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Rumours aid Lanka's post-tsunami woes

In poor villages, families mull over the prophecies of soothsayers who predict that another giant wave will descend on them.
PTI | By Indo-Asian News Service, Sydney
UPDATED ON JAN 13, 2005 01:05 PM IST

Fear and rumours are an invisible thread running through Sri Lankan society after the tsunami.

Along the coast, experienced fishermen refuse to return to the ocean, fearing that the tsunami will attack again, according to a report in the Sydney Morning Herald.

Consumers still decline to buy fish based on rumours that they have fed on human flesh.

In poor villages, families mull over the prophecies of the assorted soothsayers who predict that another giant wave will descend on them.

This past weekend, Galle in the south, was in the grip of another prophecy.

Lalith, a local astrologist, had projected a new tsunami.

"People were genuinely worried about this," said Sabri Khalid, a Galle guesthouse proprietor. "There were people actually talking about it in small groups on the streets in the morning. They strongly believed it was a possibility."

Sri Lankans from the Buddhist and Hindu communities like to take note of astrological forecasts in the normal course of events. But ever since the tsunami that claimed more than 30,000 countrymen, astrological activity has intensified.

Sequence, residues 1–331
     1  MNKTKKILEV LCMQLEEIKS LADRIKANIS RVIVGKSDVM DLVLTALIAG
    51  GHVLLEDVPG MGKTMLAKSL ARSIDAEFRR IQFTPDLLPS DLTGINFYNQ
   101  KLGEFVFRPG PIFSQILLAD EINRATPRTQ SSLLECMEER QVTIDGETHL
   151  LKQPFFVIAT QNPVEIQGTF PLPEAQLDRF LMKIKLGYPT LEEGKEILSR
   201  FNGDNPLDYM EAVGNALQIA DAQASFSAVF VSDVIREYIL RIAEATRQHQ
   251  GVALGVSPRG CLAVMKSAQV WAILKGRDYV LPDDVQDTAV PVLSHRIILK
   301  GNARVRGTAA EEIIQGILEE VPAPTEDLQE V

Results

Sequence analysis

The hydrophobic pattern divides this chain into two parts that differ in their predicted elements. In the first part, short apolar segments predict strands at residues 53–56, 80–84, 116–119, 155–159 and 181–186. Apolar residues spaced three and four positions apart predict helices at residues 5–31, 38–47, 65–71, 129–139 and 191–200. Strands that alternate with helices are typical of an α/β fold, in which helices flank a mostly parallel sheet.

"There has been a proliferation of people claiming to have predicted the tsunami," observed Gamini Akmeemana, a Daily Mirror newspaper columnist who devoted his piece Monday to deriding the phenomenon.

Even some members of the generally sceptical Muslim community have joined the chorus.

A Colombo Muslim cleric, Mohammed Faizeen, has suggested that a satellite picture resembling Arabic script taken soon after the tsunami was proof that god had sent disaster as a punishment for defying his laws.

Elsewhere, rumours have become common currency. One of the most sensational — it even made it to print — was that the reclusive Tiger rebel leader, Velupillai Prabhakaran, had been killed in the tsunami, the newspaper said.

"Many people down here would like to believe it to be true," Gamini Akmeemana said.

"Sri Lanka, despite its democratic trappings, is not a society in which information flows freely."

Apart from an increased susceptibility to rumours and superstition, there was a great deal of confusion and chaos in the aftermath of the tsunami.

A sad example that has received widespread coverage is the story of two children, Sunera Rajadasa, seven, and Jinadari Rajadasa, nine, who survived the tsunami and then allegedly disappeared from their ward at the Karapitiya Hospital in Galle.

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